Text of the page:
Pastors Defy IRS On 'Pulpit Freedom Sunday'
Baptist took part in Pulpit Freedom Sunday, defying limits on pastors' speech.
Sept. 26, 2010 -- Nearly 100 pastors across the country took part in Pulpit Freedom Sunday today, an in-your-face challenge to what the government says can and cannot be said in church.
The pastors, along with the Scottsdale, Ariz.-based nonprofit Alliance Defense Fund, planned today's event as a reaction to a law stating that churches are not allowed to support politicians from the pulpit, according to the ADF.
The growing trend is a challenge to the IRS from the churches, and may jeopardize their all-important tax-exempt status. But some pastors and church leaders said they are willing to defy the law to defend their right to freedom of speech.
Pastor Dan Fisher from Trinity Baptist Church in Yukon, Okla., who took part in today's challenge, said should be allowed to discuss politics with their congregation.
Separation of church and state is not in the Constitution, but the government uses tax exemption as a means to enforce that notion, he added.
"The crowd applauded, and said it was wonderful," Fisher said of his sermon this morning. "I can't say that everyone was happy, but no one came up to me to complain."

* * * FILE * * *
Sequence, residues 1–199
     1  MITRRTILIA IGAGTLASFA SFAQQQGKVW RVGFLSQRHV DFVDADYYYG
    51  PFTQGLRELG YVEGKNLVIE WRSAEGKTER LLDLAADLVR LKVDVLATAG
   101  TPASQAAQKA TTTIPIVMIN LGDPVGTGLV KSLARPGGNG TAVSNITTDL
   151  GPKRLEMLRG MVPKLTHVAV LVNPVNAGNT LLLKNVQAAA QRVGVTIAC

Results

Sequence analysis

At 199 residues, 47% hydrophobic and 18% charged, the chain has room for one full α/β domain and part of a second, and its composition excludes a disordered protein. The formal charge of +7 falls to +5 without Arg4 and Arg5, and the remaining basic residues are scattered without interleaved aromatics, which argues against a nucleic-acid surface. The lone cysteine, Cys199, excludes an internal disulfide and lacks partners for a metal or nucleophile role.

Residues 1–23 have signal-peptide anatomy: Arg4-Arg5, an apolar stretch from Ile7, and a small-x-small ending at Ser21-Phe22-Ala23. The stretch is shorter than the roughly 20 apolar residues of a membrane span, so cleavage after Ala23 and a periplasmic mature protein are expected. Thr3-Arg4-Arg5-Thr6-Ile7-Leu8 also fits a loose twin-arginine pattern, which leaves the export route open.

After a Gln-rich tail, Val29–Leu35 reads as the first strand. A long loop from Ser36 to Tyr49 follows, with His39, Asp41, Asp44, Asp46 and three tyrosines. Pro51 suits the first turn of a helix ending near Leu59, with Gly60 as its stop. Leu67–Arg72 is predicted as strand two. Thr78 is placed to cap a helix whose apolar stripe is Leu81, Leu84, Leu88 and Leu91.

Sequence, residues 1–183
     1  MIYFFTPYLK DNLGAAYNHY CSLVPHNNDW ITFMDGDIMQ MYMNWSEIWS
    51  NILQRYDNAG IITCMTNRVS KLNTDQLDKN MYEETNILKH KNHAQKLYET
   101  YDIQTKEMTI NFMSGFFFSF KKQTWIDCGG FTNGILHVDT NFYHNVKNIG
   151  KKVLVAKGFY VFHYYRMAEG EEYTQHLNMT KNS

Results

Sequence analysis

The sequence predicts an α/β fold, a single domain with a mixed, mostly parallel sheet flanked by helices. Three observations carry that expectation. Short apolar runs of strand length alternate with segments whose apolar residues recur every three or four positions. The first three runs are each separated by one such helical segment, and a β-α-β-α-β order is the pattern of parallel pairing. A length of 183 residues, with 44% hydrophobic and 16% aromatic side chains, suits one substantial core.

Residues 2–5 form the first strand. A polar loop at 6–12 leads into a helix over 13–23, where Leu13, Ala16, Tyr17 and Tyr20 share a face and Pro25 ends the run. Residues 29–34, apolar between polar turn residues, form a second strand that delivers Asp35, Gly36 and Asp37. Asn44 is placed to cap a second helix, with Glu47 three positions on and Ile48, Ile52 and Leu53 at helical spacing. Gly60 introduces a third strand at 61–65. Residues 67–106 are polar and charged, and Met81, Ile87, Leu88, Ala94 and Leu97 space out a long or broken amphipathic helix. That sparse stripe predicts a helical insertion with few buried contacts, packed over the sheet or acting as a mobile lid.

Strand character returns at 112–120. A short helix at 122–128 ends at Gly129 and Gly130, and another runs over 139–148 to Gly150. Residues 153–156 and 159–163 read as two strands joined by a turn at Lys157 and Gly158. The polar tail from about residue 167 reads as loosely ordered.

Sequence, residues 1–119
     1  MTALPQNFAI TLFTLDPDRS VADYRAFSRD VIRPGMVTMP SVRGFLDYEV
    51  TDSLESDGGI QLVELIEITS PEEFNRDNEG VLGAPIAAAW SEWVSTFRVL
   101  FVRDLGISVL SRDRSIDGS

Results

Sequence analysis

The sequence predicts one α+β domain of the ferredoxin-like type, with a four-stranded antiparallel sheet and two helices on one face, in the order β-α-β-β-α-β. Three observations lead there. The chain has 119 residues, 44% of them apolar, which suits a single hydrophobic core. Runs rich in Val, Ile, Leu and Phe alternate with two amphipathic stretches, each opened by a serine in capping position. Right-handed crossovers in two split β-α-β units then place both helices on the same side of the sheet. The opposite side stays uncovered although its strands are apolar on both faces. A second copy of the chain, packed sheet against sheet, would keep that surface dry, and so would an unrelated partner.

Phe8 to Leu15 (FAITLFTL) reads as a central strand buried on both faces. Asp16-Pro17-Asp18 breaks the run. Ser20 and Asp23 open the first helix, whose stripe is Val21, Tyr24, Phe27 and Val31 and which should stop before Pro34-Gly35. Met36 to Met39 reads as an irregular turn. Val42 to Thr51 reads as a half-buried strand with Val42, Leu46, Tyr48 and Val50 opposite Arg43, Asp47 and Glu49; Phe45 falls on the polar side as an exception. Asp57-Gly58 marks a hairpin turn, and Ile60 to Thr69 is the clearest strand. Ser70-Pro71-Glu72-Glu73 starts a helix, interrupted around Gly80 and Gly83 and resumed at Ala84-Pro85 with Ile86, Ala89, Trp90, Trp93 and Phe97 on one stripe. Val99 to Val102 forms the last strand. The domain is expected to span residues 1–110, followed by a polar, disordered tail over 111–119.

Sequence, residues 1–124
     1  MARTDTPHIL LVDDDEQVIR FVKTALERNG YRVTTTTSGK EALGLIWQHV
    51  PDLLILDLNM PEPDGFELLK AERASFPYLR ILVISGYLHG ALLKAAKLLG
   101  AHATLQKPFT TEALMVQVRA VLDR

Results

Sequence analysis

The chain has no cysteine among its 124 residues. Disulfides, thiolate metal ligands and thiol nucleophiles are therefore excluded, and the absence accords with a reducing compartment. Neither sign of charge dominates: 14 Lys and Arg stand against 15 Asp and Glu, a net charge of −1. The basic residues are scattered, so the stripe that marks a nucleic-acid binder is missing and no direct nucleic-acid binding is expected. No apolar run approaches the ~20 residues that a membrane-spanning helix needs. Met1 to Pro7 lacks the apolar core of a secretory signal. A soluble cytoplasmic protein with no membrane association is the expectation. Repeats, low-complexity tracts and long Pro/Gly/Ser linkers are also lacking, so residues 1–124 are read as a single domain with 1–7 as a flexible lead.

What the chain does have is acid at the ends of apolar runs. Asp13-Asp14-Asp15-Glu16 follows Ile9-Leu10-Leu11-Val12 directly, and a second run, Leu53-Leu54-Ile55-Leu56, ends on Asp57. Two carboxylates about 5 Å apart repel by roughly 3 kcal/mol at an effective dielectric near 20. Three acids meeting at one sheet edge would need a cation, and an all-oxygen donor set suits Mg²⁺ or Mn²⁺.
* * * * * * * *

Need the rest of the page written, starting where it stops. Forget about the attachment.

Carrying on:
Federal tax law, established in 1954, prohibits churches and tax exempt entities from endorsing or opposing political candidates.
Pulpit Freedom Sunday is an initiative organized by the Alliance Defense Fund, a conservative Christian nonprofit organization, which according to its website seeks to "defend the right to hear and speak the Truth through strategy, training, funding, and litigation."
"We believe that a pastor has a right to speak whatever he believes without fearing the government will somehow censor what he says or threaten to take away his tax exemption," ADF spokesman Erik Stanley said.
He said the group believes that the 1954 amendment, sponsored by then Sen. Lyndon Johnson, D-Texas, is a violation of the Constitution. According to the ADF, the government's monitoring of the content of pastors' and churches' speech is a violation of the Free Speech Clause.
The IRS said they'd be keeping an eye on the planned activities.
"We are aware of recent press reports, and will monitor the situation and take action as appropriate," IRS spokesman Robert Marvin said.
In 2008, 33 pastors took part in the first Pulpit Freedom Sunday, when they defiantly spoke of politics to their congregation. Though not an election year, many also participated in 2009.
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